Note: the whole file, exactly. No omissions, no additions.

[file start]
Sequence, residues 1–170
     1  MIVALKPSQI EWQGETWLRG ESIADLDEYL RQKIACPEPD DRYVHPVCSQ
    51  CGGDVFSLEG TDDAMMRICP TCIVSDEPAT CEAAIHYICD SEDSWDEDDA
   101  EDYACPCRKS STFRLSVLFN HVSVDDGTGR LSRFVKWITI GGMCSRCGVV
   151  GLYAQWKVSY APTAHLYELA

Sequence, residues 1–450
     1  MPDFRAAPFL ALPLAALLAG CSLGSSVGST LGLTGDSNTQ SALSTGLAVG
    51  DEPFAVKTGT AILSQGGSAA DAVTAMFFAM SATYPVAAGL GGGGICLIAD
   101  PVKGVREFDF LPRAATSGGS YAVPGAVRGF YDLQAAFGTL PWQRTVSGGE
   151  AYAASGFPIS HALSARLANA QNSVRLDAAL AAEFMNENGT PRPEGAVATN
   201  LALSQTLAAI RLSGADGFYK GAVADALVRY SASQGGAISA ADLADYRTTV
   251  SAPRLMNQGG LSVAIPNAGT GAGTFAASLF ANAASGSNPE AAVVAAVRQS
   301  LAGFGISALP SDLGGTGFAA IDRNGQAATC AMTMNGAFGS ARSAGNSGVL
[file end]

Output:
Sequence, residues 1–170
     1  MIVALKPSQI EWQGETWLRG ESIADLDEYL RQKIACPEPD DRYVHPVCSQ
    51  CGGDVFSLEG TDDAMMRICP TCIVSDEPAT CEAAIHYICD SEDSWDEDDA
   101  EDYACPCRKS STFRLSVLFN HVSVDDGTGR LSRFVKWITI GGMCSRCGVV
   151  GLYAQWKVSY APTAHLYELA

Sequence, residues 1–450
     1  MPDFRAAPFL ALPLAALLAG CSLGSSVGST LGLTGDSNTQ SALSTGLAVG
    51  DEPFAVKTGT AILSQGGSAA DAVTAMFFAM SATYPVAAGL GGGGICLIAD
   101  PVKGVREFDF LPRAATSGGS YAVPGAVRGF YDLQAAFGTL PWQRTVSGGE
   151  AYAASGFPIS HALSARLANA QNSVRLDAAL AAEFMNENGT PRPEGAVATN
   201  LALSQTLAAI RLSGADGFYK GAVADALVRY SASQGGAISA ADLADYRTTV
   251  SAPRLMNQGG LSVAIPNAGT GAGTFAASLF ANAASGSNPE AAVVAAVRQS
   301  LAGFGISALP SDLGGTGFAA IDRNGQAATC AMTMNGAFGS ARSAGNSGVL